The introduction to Tropic of Cancer was written by Karl Shapiro, an American poet who died in 2000. At first, I misread and thought the Intro was written by Anais Nin, which is the only reason I read it in the first place. I’d read her work, so I was curious to hear what she thought of Miller. Two pages into the Intro, I sank into a deep depression.

Here is a quote from Shapiro’s introduction:

I call Henry Miller the greatest living author because I think he is. I do not call him a poet because he has never written a poem; he even dislikes poetry, I think. But everything he has written is a poem in the best as well as in the broadest sense of the word. Secondly, I do not call him a writer, but an author. The writer is the fly in the ointment of modern letters; Miller has waged ceaseless war against writers. If one had to type him one might call him a Wisdom writer, Wisdom literature being a type of literature which lies between literature and scripture; it is poetry only because it rises above literature and because sometimes ends up in bibles.

There is a type of writing that I learned about throughout college that I’ve long forgotten. It’s easy to read the classics and then break away from them in favor of what is easy, marketable, and universally appealing. When I sit down to write a novel, I ask myself, will anyone find this interesting or entertaining? I’m starting to wonder if that’s how art is supposed to work. Who, ultimately, are we writing for?

I also got the sense from the Introduction that one of the greatest thing modern indie writers are missing out on is a sense of community.

Orwell has written one of the best essays on Miller, although he takes a sociological approach and tries to place Miller as a Depression writer or something of the sort. […] Orwell adds that the Tropic of Cancer is almost exactly opposite! Such a thing as Miller’s book “has become so unusual as to seem almost anomalous, [for] it is the book of a man who is happy.”

I can just imagine all these writers, poets, and artists getting together to critique each other’s work. Okay, maybe not getting together, but being on a level were Orwell is critiquing you? Please. Imagine having insight like that to help you understand your writing.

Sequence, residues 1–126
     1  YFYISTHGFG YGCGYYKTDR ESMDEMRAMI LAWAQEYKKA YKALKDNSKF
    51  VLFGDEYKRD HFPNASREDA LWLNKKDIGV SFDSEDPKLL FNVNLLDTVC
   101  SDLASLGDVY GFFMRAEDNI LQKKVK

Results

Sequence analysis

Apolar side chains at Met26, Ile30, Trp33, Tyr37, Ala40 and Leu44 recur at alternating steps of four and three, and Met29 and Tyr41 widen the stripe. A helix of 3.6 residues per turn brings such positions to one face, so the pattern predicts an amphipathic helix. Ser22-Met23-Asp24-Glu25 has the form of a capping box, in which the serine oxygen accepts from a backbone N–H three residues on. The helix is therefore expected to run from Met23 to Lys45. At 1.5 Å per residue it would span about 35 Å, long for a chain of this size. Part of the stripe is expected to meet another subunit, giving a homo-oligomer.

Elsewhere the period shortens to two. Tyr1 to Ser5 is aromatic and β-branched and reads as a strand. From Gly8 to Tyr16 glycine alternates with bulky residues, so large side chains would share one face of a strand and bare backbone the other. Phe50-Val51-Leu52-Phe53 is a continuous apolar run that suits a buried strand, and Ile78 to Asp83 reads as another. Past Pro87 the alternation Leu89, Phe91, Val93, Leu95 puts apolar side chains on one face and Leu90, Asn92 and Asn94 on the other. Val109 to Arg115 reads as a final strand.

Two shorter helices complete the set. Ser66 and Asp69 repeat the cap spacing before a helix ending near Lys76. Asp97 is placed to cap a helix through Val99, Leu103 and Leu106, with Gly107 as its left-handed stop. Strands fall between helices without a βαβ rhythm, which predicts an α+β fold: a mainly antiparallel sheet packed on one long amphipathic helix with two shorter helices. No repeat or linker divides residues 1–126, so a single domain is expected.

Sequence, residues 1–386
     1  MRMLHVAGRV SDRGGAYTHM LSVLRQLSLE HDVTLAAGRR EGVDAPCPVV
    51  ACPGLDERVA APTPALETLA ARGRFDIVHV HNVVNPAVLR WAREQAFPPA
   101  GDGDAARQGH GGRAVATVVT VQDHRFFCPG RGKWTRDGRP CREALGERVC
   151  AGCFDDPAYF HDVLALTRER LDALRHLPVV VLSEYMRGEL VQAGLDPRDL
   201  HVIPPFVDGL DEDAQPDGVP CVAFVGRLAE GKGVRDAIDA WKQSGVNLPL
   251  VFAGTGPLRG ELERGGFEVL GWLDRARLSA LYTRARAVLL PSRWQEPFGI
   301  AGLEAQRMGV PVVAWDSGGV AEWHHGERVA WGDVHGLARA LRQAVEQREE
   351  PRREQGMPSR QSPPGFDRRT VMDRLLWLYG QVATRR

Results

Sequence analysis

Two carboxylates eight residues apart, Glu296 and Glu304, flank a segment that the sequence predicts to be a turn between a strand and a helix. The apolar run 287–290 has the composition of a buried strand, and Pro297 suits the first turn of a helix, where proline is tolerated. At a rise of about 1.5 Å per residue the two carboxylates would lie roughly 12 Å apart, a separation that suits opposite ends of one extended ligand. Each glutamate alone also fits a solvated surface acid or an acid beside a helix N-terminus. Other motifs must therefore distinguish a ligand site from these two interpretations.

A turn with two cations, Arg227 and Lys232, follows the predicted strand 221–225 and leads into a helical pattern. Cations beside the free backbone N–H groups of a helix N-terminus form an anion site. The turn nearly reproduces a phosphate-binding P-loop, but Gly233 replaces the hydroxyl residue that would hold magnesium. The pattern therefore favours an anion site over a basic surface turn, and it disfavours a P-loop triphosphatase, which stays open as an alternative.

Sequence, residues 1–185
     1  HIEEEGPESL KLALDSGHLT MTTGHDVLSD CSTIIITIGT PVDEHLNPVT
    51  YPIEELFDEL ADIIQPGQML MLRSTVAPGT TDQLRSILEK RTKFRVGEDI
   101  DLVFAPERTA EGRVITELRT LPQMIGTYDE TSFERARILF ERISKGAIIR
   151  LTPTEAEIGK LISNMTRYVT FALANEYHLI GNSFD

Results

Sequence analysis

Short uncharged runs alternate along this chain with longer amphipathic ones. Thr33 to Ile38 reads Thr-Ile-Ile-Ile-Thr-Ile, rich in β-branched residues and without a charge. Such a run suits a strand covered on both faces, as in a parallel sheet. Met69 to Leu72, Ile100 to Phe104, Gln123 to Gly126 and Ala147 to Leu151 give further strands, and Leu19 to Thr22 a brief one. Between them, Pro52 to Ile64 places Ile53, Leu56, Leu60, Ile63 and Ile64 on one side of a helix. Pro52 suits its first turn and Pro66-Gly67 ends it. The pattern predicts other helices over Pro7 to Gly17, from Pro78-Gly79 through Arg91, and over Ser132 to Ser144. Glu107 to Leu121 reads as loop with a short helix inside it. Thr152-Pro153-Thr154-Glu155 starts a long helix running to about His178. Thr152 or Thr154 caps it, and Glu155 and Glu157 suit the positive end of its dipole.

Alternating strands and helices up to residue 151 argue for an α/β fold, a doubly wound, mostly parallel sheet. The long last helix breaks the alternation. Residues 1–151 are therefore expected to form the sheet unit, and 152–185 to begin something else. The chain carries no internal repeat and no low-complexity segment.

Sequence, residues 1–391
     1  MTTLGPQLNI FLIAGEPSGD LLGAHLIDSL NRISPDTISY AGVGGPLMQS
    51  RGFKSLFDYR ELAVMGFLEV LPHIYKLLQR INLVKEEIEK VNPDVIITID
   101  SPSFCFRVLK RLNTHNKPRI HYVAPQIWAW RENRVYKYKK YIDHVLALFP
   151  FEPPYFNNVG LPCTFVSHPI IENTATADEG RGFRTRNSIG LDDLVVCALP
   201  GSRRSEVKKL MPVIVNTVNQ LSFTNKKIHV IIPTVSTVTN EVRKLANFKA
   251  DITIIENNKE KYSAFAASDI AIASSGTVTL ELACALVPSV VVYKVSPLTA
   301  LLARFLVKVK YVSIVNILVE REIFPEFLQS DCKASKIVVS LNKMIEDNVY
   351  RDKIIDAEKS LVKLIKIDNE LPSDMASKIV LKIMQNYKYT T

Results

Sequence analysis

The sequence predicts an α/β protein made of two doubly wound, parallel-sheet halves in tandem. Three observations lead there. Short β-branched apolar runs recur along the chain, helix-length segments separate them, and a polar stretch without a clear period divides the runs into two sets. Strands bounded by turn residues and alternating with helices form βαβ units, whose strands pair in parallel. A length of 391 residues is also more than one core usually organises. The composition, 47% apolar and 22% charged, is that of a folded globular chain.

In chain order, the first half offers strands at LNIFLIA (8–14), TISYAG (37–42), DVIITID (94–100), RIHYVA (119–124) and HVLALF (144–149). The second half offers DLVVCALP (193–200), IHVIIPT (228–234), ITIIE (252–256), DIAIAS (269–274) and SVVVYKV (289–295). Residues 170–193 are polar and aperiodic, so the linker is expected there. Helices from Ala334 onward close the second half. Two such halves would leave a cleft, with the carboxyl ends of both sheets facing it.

Still, as I reread some of the Introduction, I can’t get over how Shapiro speaks of Miller. It’s less an introduction and more of a glimpse into a literary world that most of us will never visit, and perhaps no longer exists. That was the world I wanted to be a part of when I started writing in overlong, self-reflective sentences that seemed to wind and zag with no rhythm but somehow ended up in exactly the right place. Now that type of writing only shows up in dialogue as a character flaw.

It’s not every day that you realize you’re no longer writing honestly, that you’re more concerned with the number of reviews on Amazon than sharing emotion straight from the heart. It’s nice to have a reminder now and then, and if you haven’t had one in a while, pick up this book and feel shitty about yourself for a day or two. Then pick up your Mac and get back to work.

Oh, and as for Tropic of Cancer itself, I’m only 40 or so pages into it, but it’s excellent. Much like the introduction, it’s a whole ‘nother world. I could see the style being applied to Tech Noir, with a seedy, neon city replacing Paris. I don’t know if some of Miller’s language will appeal to you or whether his blunt description of lady parts will send you running for Harry Potter, but the writing, the stream of consciousness, the thoughts that come at you from left and right… it all fits together very well. What a shame I’m only discovering it now.

Grab a copy. It’s the best $9 you’ll spend today.

EDIT: You know what it reminds me a lot of? The Ijon Tichy books by Stanislaw Lem, that same kind of rapid-fire narration. Check those out too.

Recommended Reading: The Introduction to Henry Miller’s Tropic of Cancer